DURHAM- As the academic year trudges toward its final leg, discussions on mental health in the wake of the pandemic and closing school year hover over students’ heads.
The ‘mid-semester slump,’ as it’s known to students, is the time before finals and is usually a period of mental drain and exhaustion for students. However, in the wake of the pandemic and changing mask mandates, is this year’s ‘slump’ any different than it was before?
Ben Meyer, a University of New Hampshire (UNH) sophomore, agrees with this statement. “After two years I think everyone is just really tired. Also, since the removal of masks there has been more illness going around that we haven’t seen in a while, like colds,” he said.
“Mask removal was a good thing overall,” said Meyer. “But it also scares people who are at risk, and I totally get that. It’s not a black and white topic.”
For Kami Peterson, a UNH junior and a resident assistant, the lifting of the mask mandate helped improve her mental health as she felt closer to her fellow students.
She went on to share her experience with mental health this year in the wake of a two-year long pandemic.
“I had to drop a class because it was so taxing on me mentally. Once I dropped the class it got better, and with the pandemic lightening up that helped too. It has been a tough year,” said Peterson.
UNH senior, Alyssa Daigle, gave her view on current student mental health. “This has been the first normal academic year since 2019, and I believe that has contributed to anxiety and depression rates. Also, we only get spring break as a vacation, compared to the fall. Professors assign a lot of work, and we kind of forgot what it was like to have school the right way,” said Daigle.
Dr. Michelle Leichtman, a professor of psychology, gave her perspective on current metal health among college students after two years of masks, social distancing and constant testing.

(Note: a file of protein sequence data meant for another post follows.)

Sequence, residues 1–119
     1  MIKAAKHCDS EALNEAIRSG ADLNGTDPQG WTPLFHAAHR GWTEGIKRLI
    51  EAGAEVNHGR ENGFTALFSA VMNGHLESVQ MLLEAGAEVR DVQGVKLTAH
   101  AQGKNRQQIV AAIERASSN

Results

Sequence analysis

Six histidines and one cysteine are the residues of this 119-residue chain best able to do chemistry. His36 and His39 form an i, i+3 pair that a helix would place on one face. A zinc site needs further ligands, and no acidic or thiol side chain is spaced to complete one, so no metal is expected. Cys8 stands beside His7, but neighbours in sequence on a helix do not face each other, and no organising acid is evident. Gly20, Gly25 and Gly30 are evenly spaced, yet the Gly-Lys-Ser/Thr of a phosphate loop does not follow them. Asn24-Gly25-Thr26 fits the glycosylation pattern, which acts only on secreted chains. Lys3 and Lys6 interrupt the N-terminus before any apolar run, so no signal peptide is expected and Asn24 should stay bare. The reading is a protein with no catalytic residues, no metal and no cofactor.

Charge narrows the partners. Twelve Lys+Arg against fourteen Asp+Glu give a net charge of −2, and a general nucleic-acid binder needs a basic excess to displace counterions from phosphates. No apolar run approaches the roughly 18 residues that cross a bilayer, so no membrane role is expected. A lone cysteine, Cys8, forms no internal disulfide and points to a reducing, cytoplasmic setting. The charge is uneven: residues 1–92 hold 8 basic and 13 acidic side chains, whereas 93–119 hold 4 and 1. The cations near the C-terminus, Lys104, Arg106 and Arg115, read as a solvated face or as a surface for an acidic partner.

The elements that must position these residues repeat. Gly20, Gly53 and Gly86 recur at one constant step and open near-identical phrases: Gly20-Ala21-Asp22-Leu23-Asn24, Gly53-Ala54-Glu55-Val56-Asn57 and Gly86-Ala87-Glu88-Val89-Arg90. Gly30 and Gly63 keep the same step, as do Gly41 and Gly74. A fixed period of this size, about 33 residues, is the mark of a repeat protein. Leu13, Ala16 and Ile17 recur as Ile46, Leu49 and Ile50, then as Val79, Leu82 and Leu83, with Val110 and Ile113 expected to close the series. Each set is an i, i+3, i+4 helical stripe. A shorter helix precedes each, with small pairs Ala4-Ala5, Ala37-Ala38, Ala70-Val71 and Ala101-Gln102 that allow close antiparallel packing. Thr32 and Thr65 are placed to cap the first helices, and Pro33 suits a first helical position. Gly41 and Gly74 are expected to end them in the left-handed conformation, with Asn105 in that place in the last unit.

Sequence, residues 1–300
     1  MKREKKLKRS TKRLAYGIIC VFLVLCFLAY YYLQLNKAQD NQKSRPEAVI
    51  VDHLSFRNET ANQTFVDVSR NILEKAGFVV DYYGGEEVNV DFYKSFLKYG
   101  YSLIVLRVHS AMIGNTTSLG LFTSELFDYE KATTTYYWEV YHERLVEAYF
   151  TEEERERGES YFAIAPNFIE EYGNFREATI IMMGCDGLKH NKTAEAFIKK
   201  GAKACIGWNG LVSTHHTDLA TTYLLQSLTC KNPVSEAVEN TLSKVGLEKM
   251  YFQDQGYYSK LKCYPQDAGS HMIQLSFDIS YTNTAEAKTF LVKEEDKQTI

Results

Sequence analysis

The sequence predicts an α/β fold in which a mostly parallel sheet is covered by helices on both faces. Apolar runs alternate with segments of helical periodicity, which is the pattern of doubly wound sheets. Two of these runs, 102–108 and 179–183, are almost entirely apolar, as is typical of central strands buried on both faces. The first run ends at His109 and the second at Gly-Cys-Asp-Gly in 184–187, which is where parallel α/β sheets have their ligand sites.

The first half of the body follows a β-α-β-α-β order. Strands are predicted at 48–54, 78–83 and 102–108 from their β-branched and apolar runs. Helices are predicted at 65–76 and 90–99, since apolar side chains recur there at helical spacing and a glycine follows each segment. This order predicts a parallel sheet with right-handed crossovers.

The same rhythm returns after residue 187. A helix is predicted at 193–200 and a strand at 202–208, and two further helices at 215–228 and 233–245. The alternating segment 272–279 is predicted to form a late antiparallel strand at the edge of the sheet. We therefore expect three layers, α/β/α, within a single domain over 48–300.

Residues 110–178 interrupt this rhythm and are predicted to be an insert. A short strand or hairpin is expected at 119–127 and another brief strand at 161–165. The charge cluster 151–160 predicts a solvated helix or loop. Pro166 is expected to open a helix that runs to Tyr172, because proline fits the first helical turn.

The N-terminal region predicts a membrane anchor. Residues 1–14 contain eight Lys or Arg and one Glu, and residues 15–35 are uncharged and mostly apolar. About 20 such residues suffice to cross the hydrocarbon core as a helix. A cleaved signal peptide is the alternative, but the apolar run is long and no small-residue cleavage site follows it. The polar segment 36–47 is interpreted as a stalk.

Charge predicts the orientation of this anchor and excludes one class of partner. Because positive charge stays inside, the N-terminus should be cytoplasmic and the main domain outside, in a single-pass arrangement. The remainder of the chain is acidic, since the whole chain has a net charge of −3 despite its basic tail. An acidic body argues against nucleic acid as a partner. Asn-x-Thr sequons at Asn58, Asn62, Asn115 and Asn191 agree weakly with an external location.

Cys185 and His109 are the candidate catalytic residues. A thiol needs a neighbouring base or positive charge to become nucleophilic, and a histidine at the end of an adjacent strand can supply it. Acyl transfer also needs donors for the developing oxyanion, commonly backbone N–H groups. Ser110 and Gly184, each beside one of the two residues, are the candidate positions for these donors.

“Many college students found the pandemic particularly disruptive because in many cases it made it impossible to keep the same learning routines they previously had. College students experienced high levels of anxiety as their lives were disrupted in this way,” said Leichtman
She elaborated further on this, saying, “Being isolated or having restricted social interactions has been very hard, particularly for people already in stressful relationships, experiencing financial stresses or at a stage in life where their focus is on branching out.”
These stresses are worsened as students struggle to rapidly adjust to the changing circumstances of the pandemic. “Constantly adjusting to new ways of doing things can be valuable, but also tiring,” she said.
Dr. Elisa Bolton, the director of the Psychological and Counseling Services (PACS) at UNH, shared that they have seen “an increase in students struggling with feeling anxious in social situations, with a lack of motivation, and academic distress. We have also seen a moderate increase in student distress across other areas of concern, including depressed mood, relationship distress, and family distress.”
The “slump” some students are feeling is in part due to the normal losing of steam most students feel around this time of year. However, the pandemic fatigue combined with peoples’ overall decreased energy is making them feel more fatigued than usual. “Our reserves are simply somewhat depleted,” she said.
While students strive to make it through the school year and head back to a regular school environment, it is clear there will be struggles along the way as UNH transitions.
“It’s definitely getting better,” said Meyer, “We just have to keep pushing through.”
Support is provided by the University of New Hampshire to any student who is struggling through this time of change via Psychological and Counseling Services. PACS is open Monday through Friday from 8 A.M. to 5 P.M. Appointments can be made by calling (603)-862-2090.
Photo courtesy of the University of New Hampshire.